Audit Trails Remain Critical Defense During FDA Inspection
Urgency surrounding Part 11 and electronic record security controls has ebbed and flowed for many years as the FDA’s own emphasis has appeared to wax and wane, but one constant remains: Audit trails are critically important when dealing with FDA inspectors, experts tell PIR.
As former FDA field inspector Jan Holladay recently told PIR, “If you want to set off a warning bell in the mind of an FDA inspector at your site, turning off your audit trails at any time in the past is a great way to do it.”
Holladay, now compliance and education director for Rx Trials, a network of independent inpatient and outpatient clinical research sites, says it “amazes me to see people turning off their audit trails. It looks like they are hiding something.”
And, don’t expect the FDA to let up on its interest in seeing good audit trails anytime soon, agrees InfoStrength President Rita Geiger. “Audit trails have been important and will continue being important,” she told PIR. Likening them to an insurance policy for FDA-regulated life science companies, Geiger noted that no matter how the Part 11 rule changes, the FDA will always be interested in the ability of life science companies to demonstrate that they can generate accurate and complete records, provide record accountability and demonstrate integrity of records from the point of creation to the point of receipt.
The agency’s overall posture of leniency on many aspects of Part 11 compliance does not include audit trails, Holladay agreed.
It is also important not to get hung up on terminology, SEC Associates John McKenney and his team note in their reference guide to Part 11. “Certain predicate rules do, in fact, call for audit trails without using that specific wording,” he writes in the book.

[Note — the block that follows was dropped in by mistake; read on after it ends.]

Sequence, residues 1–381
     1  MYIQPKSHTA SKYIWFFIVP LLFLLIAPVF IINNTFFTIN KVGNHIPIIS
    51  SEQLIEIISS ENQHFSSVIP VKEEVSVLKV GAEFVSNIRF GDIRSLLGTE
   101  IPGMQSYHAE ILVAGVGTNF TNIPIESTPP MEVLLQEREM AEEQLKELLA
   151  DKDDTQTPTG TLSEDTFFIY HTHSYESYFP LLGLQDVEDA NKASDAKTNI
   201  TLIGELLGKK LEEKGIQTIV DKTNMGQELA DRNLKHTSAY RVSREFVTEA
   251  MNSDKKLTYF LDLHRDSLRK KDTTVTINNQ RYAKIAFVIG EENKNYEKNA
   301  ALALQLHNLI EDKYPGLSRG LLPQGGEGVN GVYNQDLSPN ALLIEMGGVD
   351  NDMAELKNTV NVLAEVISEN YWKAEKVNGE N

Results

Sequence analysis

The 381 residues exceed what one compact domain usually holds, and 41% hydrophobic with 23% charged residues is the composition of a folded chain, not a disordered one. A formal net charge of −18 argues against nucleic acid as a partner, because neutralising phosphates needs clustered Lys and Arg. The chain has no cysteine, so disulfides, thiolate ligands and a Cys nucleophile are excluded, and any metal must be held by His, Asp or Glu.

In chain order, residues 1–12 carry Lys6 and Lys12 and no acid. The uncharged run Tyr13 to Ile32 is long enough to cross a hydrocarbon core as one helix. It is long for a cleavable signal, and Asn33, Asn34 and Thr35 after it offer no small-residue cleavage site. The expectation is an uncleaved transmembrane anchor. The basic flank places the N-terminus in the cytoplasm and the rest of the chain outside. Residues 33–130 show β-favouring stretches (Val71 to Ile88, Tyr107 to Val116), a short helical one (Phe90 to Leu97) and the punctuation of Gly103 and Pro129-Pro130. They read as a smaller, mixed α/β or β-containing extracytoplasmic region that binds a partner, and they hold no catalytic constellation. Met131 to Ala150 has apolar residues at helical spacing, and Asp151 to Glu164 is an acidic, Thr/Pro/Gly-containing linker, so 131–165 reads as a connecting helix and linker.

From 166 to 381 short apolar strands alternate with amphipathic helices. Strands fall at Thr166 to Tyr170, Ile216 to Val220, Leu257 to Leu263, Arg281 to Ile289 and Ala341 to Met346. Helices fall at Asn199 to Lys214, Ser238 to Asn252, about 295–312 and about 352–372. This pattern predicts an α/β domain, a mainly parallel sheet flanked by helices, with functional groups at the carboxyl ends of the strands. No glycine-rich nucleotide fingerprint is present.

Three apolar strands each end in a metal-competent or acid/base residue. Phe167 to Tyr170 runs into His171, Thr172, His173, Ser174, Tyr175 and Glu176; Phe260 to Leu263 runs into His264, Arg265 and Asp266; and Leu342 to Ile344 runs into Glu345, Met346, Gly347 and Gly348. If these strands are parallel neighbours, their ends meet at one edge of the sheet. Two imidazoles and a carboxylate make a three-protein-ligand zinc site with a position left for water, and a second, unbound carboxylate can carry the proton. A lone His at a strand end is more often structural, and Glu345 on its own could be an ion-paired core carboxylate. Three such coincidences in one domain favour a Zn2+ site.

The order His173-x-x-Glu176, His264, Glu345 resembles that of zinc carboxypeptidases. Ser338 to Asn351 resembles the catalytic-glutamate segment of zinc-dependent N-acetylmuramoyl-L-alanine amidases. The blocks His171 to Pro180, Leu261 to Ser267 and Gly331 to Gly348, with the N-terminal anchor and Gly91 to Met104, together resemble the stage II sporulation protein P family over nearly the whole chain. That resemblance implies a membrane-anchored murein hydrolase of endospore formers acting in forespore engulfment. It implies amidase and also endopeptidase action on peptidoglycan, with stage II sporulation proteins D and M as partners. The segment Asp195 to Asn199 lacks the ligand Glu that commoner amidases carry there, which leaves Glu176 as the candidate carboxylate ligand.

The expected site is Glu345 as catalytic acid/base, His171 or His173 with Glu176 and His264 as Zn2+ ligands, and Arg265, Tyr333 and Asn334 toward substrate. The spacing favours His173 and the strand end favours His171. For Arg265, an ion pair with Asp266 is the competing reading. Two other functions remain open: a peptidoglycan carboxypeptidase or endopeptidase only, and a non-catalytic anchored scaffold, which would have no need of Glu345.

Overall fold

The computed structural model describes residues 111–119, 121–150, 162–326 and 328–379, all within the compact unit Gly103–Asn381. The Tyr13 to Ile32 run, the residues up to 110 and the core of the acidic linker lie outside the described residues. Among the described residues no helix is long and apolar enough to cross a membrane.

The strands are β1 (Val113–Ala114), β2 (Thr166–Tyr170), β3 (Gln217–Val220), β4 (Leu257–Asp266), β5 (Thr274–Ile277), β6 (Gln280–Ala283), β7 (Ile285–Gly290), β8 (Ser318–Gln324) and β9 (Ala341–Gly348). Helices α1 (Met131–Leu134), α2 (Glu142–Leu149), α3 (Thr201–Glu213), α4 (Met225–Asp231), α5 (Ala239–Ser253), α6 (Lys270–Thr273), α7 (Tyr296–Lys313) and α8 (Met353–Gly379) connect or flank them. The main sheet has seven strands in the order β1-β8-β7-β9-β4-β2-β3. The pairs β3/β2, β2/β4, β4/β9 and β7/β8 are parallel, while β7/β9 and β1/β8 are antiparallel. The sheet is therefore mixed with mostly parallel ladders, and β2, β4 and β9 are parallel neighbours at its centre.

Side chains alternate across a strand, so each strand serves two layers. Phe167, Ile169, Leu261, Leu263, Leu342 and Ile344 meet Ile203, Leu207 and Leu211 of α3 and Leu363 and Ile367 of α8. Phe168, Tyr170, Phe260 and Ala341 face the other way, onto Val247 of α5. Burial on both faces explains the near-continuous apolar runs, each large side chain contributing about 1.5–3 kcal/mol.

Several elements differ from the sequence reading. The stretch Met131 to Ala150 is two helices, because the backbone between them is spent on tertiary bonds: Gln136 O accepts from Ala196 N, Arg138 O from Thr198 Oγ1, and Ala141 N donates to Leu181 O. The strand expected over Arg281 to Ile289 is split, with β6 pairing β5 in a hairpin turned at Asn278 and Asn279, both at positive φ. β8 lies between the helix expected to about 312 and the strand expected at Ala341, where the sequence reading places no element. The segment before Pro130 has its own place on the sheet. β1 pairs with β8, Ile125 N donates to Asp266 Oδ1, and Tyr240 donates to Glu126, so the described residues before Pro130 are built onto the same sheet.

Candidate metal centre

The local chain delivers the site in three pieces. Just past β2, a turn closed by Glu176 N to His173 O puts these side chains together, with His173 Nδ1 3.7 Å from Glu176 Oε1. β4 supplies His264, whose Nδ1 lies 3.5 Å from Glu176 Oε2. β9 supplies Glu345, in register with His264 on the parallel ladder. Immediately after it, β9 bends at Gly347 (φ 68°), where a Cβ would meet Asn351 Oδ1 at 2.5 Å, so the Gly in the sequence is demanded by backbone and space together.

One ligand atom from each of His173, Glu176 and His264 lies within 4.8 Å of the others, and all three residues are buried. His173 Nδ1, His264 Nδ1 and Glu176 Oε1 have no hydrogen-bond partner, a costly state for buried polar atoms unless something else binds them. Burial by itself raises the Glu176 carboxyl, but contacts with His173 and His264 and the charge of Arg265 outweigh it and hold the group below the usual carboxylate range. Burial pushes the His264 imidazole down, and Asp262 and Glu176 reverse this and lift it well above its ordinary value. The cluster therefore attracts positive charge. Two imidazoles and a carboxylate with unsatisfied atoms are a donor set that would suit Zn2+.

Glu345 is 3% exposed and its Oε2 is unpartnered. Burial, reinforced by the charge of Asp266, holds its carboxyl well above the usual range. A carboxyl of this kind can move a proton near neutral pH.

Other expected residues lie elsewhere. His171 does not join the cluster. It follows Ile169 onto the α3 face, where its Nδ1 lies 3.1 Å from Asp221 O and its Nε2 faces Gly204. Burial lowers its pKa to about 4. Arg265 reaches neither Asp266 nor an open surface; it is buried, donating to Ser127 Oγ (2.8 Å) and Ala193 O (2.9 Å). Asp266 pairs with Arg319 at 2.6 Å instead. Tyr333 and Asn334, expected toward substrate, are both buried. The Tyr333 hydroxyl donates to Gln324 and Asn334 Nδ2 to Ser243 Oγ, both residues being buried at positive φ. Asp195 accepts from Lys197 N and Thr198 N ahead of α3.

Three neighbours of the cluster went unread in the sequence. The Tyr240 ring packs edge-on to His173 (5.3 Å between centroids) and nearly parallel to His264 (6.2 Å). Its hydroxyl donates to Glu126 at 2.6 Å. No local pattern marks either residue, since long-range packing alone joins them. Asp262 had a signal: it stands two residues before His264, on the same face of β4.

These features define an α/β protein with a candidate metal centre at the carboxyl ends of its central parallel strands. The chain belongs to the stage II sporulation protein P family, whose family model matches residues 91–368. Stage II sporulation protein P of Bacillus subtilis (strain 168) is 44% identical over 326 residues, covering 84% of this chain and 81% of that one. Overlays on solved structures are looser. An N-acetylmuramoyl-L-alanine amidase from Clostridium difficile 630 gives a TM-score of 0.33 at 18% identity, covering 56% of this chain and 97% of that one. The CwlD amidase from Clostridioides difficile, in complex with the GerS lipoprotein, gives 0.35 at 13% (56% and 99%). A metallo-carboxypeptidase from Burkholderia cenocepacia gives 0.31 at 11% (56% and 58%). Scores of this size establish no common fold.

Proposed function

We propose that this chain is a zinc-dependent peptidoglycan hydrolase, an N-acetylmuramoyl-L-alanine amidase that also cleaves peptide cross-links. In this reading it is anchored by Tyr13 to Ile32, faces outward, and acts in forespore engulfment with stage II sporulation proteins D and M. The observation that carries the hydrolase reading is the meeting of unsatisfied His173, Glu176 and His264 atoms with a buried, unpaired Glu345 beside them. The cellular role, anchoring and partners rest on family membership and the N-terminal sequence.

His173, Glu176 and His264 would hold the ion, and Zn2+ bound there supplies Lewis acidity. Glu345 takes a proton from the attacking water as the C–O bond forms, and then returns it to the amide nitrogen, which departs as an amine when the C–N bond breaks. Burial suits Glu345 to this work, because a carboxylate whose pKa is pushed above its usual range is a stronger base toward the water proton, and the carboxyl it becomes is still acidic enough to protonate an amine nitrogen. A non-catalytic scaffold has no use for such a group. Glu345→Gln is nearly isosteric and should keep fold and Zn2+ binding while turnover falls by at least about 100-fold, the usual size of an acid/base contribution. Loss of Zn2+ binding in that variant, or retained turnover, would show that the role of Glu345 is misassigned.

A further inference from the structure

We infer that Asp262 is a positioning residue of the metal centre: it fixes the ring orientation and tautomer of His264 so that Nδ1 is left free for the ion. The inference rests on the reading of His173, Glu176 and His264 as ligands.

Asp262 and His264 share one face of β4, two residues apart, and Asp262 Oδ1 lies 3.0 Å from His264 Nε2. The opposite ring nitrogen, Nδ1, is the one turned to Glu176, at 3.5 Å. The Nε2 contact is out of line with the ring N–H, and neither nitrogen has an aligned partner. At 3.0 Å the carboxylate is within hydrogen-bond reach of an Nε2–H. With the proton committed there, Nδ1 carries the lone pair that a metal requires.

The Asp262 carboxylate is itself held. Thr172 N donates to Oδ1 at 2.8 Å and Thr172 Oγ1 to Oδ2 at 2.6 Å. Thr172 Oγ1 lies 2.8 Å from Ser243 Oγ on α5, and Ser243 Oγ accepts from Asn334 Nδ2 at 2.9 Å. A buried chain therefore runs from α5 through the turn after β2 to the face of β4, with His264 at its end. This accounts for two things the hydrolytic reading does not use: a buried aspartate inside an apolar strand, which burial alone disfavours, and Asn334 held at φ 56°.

For example, in the GLP regulations, 21 CFR 58.130 states, “Any change in automated data entries shall be made so as not to obscure the original entry, shall indicate the reason for change, shall be dated, and the responsible individual shall be identified.” That’s just one of many examples where predicate rules call for audit trail-type functionality without specifically using the term “audit trails.”
On the plus side, more and more regulated life sciences companies appear to be getting the point that audit trails matter.
“For the most part, people understand the importance of audit trails,” Geiger said. That’s likely because audit trails are not only important for Part 11 regulations but also for other regulations such as the Sarbanes-Oxley Act, which governs companies’ financial erecords, she said. “Audit trails provide a means to help accomplish several security-related objectives,” Geiger added.
In Holladay’s experience, audit trails are most often “switched off” by scientists in pre-clinical laboratories. They’ll turn them off not so much because they are hiding something, but because the audit trails slow their work down.
But companies still make all-too-common mistakes when putting together their audit trail program, Geiger said. “The most common mistake is that a system is not designed with audit trails in mind and the database may not be designed to capture the ‘before’ and ‘after’ version of a particular record as well as related information such as the person who made the change, the time, etc.,” she said.
The problem: If audit trails are created after the fact, they may be very difficult to design or they may not be complete. For example, a regulation may require that the reason for the change is captured and a system may not be designed to capture such information, Geiger said. - Michael Causey